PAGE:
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Hoffmann, R. A wiki for the life sciences where authorship matters. Nature Genetics (2008)

Dual stimulatory and inhibitory effect of NK cell stimulatory factor/IL-12 on human hematopoiesis.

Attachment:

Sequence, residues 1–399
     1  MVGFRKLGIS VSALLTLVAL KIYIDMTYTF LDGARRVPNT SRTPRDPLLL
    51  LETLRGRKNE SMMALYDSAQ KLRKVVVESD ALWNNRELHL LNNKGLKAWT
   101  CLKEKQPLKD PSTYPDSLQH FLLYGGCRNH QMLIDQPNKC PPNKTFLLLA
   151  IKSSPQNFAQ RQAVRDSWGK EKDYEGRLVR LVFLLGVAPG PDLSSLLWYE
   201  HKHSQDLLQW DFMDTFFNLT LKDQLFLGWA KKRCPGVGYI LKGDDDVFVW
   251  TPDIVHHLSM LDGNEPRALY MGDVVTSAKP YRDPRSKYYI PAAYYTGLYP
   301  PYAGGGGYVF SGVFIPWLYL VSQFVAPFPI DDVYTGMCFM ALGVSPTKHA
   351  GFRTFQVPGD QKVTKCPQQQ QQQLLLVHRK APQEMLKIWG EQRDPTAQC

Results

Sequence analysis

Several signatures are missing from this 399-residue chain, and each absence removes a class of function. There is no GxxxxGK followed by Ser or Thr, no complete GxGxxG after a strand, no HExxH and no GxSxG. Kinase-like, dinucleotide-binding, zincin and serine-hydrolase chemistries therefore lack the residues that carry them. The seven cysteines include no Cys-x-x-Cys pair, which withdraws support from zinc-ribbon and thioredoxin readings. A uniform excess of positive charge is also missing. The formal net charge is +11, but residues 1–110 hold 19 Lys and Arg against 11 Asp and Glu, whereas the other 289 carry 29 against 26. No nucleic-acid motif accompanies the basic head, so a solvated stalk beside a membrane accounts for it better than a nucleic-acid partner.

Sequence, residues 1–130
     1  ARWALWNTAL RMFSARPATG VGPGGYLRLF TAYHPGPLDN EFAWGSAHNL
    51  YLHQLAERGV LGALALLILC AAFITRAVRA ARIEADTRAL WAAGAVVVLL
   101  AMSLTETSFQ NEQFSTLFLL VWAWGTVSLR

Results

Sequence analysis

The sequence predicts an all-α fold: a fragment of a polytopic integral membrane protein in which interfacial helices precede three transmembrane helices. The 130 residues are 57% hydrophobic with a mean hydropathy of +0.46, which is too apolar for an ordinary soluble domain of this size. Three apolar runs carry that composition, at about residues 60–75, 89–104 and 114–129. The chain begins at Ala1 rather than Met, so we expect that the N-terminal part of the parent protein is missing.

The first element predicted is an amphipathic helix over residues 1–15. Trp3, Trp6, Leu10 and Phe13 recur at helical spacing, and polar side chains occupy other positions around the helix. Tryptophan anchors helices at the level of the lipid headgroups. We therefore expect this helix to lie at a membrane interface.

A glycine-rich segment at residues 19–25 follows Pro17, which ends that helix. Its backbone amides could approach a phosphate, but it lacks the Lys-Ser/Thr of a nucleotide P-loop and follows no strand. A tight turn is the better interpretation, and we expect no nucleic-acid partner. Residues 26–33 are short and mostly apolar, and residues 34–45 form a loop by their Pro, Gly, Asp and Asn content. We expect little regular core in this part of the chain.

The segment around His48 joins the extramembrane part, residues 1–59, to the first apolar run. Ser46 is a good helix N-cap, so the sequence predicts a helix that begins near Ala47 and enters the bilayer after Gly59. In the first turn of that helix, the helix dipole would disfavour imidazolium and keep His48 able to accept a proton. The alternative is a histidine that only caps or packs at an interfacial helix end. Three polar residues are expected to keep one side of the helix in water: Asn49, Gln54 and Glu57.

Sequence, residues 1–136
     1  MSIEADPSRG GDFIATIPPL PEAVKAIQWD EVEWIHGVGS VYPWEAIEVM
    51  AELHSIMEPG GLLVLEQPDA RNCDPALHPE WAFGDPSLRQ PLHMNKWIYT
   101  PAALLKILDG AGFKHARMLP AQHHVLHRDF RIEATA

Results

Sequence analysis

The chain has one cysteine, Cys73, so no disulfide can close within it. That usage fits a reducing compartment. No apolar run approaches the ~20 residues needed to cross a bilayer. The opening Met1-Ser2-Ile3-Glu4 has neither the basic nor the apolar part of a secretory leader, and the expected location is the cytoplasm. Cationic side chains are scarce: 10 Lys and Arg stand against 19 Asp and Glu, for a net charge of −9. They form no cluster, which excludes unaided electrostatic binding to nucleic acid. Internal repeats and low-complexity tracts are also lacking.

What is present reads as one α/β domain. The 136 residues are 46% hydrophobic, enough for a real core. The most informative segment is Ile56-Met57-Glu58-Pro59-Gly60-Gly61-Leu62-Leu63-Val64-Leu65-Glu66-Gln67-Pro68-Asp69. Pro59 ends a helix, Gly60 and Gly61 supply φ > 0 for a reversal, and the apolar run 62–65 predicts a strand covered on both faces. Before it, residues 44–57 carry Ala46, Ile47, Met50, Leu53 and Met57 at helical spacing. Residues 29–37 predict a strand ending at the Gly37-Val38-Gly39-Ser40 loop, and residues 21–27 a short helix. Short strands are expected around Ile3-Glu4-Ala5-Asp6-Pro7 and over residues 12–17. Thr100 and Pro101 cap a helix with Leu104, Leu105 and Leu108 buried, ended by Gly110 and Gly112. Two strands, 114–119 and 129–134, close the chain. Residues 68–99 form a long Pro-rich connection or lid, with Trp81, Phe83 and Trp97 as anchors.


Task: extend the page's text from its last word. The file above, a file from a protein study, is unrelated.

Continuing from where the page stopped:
NK cell stimulatory factor, or IL-12 ( NKSF/IL-12), is a heterodimeric cytokine produced by monocyte-macrophages, B cells, and possibly other accessory cell types. Although the major biologic effects of NKSF/IL-12 have been demonstrated on mature T and NK cells, in which it induces cytokine secretion, increased cytotoxicity, and proliferation, recent evidence in the murine system has suggested that NKSF/IL-12 may play a role in the differentiation of early lymphohematopoietic progenitor cells and thymocytes. In this paper, we have analyzed the effect of human rNKSF/IL-12 on the formation of colonies by highly enriched hematopoietic progenitor cells from human peripheral blood and bone marrow. At concentrations between 1 and 10 ng/ml, NKSF/IL-12 synergizes with a combination of steel factor and IL-3 to induce formation of mixed, erythroid, and myeloid colonies. Therefore, human NKSF/IL-12, like murine NKSF/IL-12, seems to belong to a small group of early acting cytokines, including IL-6, granulocyte-CSF, leukemia-inhibitory factor, and IL-11, which are able to synergize with steel factor and IL-3 to induce proliferation and differentiation of very early hematopoietic progenitor cells. However, in the presence of enriched preparations of NK cells cultured together with the progenitor cells, NKSF/IL-12 inhibits formation of hematopoietic colonies supported by IL-3 and granulocyte-macrophage CSF, by inducing production of IFN-gamma and TNF-alpha, two cytokines with synergistic inhibitory effects on hematopoietic colony formation. Because cell types that are able to produce NKSF/IL-12 are present in normal bone marrow and NKSF/IL-12 production in vivo and can be stimulated during bacterial or parasitic infection, it is possible that the direct stimulatory effect of NKSF/IL-12 on hematopoietic progenitor cells and the indirect inhibitory effect mediated by secondary cytokine production by lymphoid cells may play a role in the regulation of physiologic hematopoiesis and in its alterations during infection.[1]


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